On Friday, upcoming U.K favourites, This Time Last Year released their latest single, ‘Where Did The Time Go?’ featuring Jonny Gill from Lyon Estates.

TTLY recently won the competition to play the Rocksound Breakout Stage at Slam Dunk North and rightly so, the band has progressed massively since their initial EP and continue to drop pieces of infectious, upbeat music that truly stick in your head. ‘Where Did The Time Go?’ delves into slightly heavier territory, with hard drumming and deep bass complimented by melodic guitar riffs and vocally distinctive. TTLY continue to explore their talents, in the meantime becoming a much-loved band within the U.K scene.


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Pop punk outfit, Fight For Friday from Manchester released their EP Someone You Could Trust last month that’s been circulating the scene and garnering interest. Since release, Fight For Friday has been riding the waves of the momentum of their recent release and solidifying their stance in the UK pop-punk scene. Prior to release, vocalist Seb spoke about the title by revealing “it is relevant to the context of the EP and the message we are trying to portray; the effect that other people have on someone’s happiness, health and life experience.”

Someone You Could Trust is an overall brilliant EP, varying in tones and proving the potential that Fight For Friday has for becoming the next big thing. With influences such as The Wonder Years, Modern Baseball and A Day To Remember, the mixed bag of talent makes this EP unique in its genre. As the band moves forth and continues to develop their individual skill since their initial formation in 2014, Fight For Friday vocalist Seb and drummer Matt joins us to speak about their music, experience and the post-success of Someone You Could Trust.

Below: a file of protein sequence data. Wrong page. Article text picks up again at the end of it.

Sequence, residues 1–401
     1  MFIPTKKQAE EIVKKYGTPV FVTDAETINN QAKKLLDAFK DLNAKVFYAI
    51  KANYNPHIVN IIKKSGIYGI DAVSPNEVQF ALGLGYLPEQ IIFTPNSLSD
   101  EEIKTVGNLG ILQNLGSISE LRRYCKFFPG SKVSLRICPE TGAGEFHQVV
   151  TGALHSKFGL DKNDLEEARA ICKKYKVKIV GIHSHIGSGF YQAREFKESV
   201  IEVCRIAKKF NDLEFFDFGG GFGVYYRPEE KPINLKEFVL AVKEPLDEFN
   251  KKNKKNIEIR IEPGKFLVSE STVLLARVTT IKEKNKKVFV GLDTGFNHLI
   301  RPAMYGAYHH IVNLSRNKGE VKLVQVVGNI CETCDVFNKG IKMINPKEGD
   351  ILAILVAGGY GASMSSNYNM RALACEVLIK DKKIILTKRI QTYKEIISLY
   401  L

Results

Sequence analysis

“We’re super stoked at the moment with everything we’ve got going on with the release and upcoming ventures,” they start. “We formed way back in school. It was pretty much started out as an extracurricular thing and just grew from there. I met Lloyd from drama club about 5 years before the band formed and joined two years after,” Seb reveals. The growth in Fight For Fridays music is exceptional, since their initial release of Call Me Old Fashioned in 2016, the band have honed into their sound whilst all the while staying true to their pop-punk sound. “We grew up on Blink, Green Day and Sum 41,” they start. “they were a definite drive for us. As we’ve been exposed to more bands we definitely take inspiration from Seaway, ROAM and New Found Glory nowadays.” With the luxury of the UK pop-punk scene exploding with all kinds of talents and sounds, Fight For Friday are in the run to be one of the best rising bands to hit our shores. “We started out at school playing pretty basic punk tunes, as we’ve grown older we’ve been exposed to some of the amazing modern pop-punk bands around and have been drawn to that vibe. The latest release we have out is more towards a sound We’re finally happy with after being a band for 4 years so it’s exciting times ahead.”

Melodic in nature, the first track ‘Life Hits You Hard’ brings the life of Fight For Friday out in force with combative and emphasised drumming ricocheting from each instrument adding that early 00’s pop-punk vintage sound. It’s an EP of varied talents, as it moves into ‘I Feel Bad, But You Should Feel Worse’ as the guys’ mix in a heavier tone to their perky sound. Tying together with a low bass, the track fluctuates between sounds of heavy breakdowns and catchy bridges. ‘Take It Or Leave It’ is a firm favourite, accentuating their talents for melodic guitar riffs giving the track an overall upbeat feeling. Throughout the EP, a major appeal is the distinctive vocals of lead singer, Seb Harper with the ability to adapt to each direction the tone takes. For an example, the fourth track ‘Target Practise’ is a little lower in pitch and highlights the sound of the bass with an elision. Featuring staggered intros throughout the EP, ‘Headache’ is by the far the track that does it best. Giving each instrument the opportunity to bring the song into this epic saga of events as they build, the track takes a lighter approach. It’s the track that brings their influences into the focal point, lyrically and instrumentally.

Someone You Could Trust was released last month, with their lead single ‘Headache’ taking the win as their most played track. Melancholic in sound, ‘Headache’ highlights the chemistry and fluency of the band instrumentally, topped with soft vocals that tie the track into brilliance. “We wrote ‘Headache’ just after the death of Chester Bennington. It’s not directly related to him but the news of it made me think about feelings such as depression and how other people can see one thing but you can be feeling the complete opposite.” Another example of Fight For Friday’s sensitive topic choice is ‘Target Practise.’ “Both songs [Target Practise and Headache] talk about the effect that other people’s actions can have on you and how you’ve got to rise above negative people to move forward.”